Zen’s public line on the Pope heretofore was that the Holy Father is a good, well-meaning man who is being manipulated by his underlings, especially the ambitious Secretary of State, Pietro Cardinal Parolin.
Zen still blames Parolin, but is also, one gathers, disillusioned with the Pope. Zen had personally spoken with the Pope a few days before the agreement was announced, to ask him not to do it. He was given a few gently reassuring words that were later seen to be pure equivocation.
The China agreement is consistent with much of the rest of Church policy under Francis. Francis’s admirers hail him as a revolutionary figure, determined to bring about a fundamental reform of the Church. But part of the way of approaching this, seemingly, has been to downplay the classical teachings, practices, and functions of the Church in favor of pronouncements in agreement with the dominant secular moral concerns: global warming, migration, the benevolence of Islam, plastic straws, that sort of thing. The result, however, seems to be that the conventionally pious are confused and hurt; the secular world, for its part, is willing to indulge the Pope for what use to it he may be, but does not seem to be running back to the bosom of the Church.
Some Catholics of a traditionalist strain, at least in the United States, are even prone to regarding Pope Bergoglio as the anti-Christ. This may give him too much credit. It is more likely that he is, as Cardinal Zen says, a well-meaning man, albeit one with grave defects of intellect, character, and temperament, in an impossible position. From his too frequent public statements it appears that anything that comes into his head immediately has to come out of his mouth, and much of this is completely in accord with Church tradition and conventional piety. He has spoken movingly about the evils of abortion, the value of a stable family life, the corrosiveness of worldly ambition, on and on and on. But he shows little sense of how one thing connects to another, and these are not the statements that the World (and perhaps the various cabals around him) choose to emphasize.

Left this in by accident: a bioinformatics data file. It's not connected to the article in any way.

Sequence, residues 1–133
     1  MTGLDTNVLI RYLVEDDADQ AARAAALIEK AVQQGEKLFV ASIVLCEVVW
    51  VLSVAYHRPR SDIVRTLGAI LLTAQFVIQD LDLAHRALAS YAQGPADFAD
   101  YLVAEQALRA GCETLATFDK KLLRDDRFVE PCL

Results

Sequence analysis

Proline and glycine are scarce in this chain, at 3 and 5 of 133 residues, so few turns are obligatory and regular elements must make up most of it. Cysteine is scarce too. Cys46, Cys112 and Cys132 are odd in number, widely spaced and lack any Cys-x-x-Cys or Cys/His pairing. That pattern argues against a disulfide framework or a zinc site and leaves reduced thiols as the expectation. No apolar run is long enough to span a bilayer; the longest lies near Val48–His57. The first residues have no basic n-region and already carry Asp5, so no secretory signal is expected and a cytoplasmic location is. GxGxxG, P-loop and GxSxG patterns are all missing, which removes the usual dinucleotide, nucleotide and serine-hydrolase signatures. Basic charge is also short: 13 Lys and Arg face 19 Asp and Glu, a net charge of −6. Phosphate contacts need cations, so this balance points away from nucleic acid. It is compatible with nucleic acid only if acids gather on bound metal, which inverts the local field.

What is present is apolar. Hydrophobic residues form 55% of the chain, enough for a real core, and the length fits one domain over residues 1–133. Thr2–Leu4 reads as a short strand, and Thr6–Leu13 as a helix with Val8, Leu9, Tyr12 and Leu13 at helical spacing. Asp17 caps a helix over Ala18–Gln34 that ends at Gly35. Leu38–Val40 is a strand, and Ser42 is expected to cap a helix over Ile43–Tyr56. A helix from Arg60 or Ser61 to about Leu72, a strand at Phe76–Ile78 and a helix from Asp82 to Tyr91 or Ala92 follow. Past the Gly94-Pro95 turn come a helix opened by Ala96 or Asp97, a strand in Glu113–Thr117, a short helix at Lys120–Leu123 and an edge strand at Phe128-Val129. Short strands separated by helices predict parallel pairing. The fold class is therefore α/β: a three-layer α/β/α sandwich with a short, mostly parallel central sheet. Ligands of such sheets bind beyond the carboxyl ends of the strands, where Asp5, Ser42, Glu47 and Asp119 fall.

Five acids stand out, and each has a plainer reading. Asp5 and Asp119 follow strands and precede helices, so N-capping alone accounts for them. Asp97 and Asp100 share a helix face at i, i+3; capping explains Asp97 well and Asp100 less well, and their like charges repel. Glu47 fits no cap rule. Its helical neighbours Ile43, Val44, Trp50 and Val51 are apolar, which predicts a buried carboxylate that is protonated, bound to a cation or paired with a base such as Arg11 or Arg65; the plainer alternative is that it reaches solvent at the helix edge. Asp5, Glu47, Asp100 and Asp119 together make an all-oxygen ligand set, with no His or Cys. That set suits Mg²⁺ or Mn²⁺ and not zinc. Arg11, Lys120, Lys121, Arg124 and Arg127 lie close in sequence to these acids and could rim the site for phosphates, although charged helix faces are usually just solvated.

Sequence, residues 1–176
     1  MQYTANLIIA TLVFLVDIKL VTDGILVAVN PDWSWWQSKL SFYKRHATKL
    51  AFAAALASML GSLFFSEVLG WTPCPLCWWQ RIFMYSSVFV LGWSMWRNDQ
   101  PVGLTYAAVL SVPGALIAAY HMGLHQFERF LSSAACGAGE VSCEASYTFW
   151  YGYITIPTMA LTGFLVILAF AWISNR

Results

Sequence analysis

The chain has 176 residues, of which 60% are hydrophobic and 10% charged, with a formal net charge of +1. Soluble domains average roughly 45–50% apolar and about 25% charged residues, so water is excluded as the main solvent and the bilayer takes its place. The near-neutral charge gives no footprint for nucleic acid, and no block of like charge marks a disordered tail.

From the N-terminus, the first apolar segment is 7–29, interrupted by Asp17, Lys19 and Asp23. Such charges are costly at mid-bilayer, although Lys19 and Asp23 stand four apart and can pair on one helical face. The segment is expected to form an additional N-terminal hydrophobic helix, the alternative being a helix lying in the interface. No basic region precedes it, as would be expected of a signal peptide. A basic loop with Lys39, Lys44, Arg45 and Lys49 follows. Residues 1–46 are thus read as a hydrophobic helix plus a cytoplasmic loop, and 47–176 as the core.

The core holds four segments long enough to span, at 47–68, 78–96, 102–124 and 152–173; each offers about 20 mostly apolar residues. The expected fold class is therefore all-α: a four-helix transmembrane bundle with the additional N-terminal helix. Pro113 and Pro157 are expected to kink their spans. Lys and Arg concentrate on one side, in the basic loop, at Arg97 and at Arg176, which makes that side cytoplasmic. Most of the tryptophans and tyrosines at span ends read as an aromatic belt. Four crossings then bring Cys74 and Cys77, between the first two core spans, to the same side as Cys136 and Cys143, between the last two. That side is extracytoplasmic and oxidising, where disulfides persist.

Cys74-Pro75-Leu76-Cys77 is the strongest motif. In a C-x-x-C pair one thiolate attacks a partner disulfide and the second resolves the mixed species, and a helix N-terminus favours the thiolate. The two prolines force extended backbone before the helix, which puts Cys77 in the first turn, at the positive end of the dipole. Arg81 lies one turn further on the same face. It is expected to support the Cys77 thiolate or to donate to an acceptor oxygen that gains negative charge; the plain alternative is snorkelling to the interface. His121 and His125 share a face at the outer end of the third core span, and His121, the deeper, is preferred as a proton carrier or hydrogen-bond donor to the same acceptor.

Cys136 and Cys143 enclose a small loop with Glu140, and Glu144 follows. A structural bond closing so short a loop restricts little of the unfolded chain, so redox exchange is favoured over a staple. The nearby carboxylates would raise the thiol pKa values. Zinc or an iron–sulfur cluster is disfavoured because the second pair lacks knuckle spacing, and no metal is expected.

The Pope likes to attribute the ills in the Church to “clericalism,” a vague term that avoids going into the details of the specific ways this supposed clericalism actually works its harm. One grave, perennial source of corruption has been the curia, the Vatican’s “deep state,” as it were. It is thought that an inability to cut through the curial corruption was one of the reasons for Pope Benedict’s resignation, and the expectation was that Francis, an outsider, would be in a better position to deal with it. Some of those who study the arcana of Church politics, however, have concluded that by this point the curia has gained control over the Pope and his agenda, with Cardinal Parolin emerging as the power behind the throne.
Parolin as much as Francis has been pushing for the démarche with China. Given the highly problematic nature of the terms on which any formal agreement would be possible, the intensified religious persecutions inside China, and the renewed attention to pervasive sexual scandals in the Church, it seems reasonable to have expected that the China diplomacy would be put on hold—especially since Parolin himself was in the soup, with accusations that he was marginally involved in the cover-up of the scandals. But an equally plausible expectation would be that the clerical powers would push ahead, taking attention away from the scandals with t a Nixon-Kissinger triumph, a grand reconciliation.
At any rate, we may surmise that Cardinal Parolin is one skilled at avoiding the transverse scales.Cardinal Zen, to the cost of his political efficacy but, one hopes, to the benefit of his soul, is not.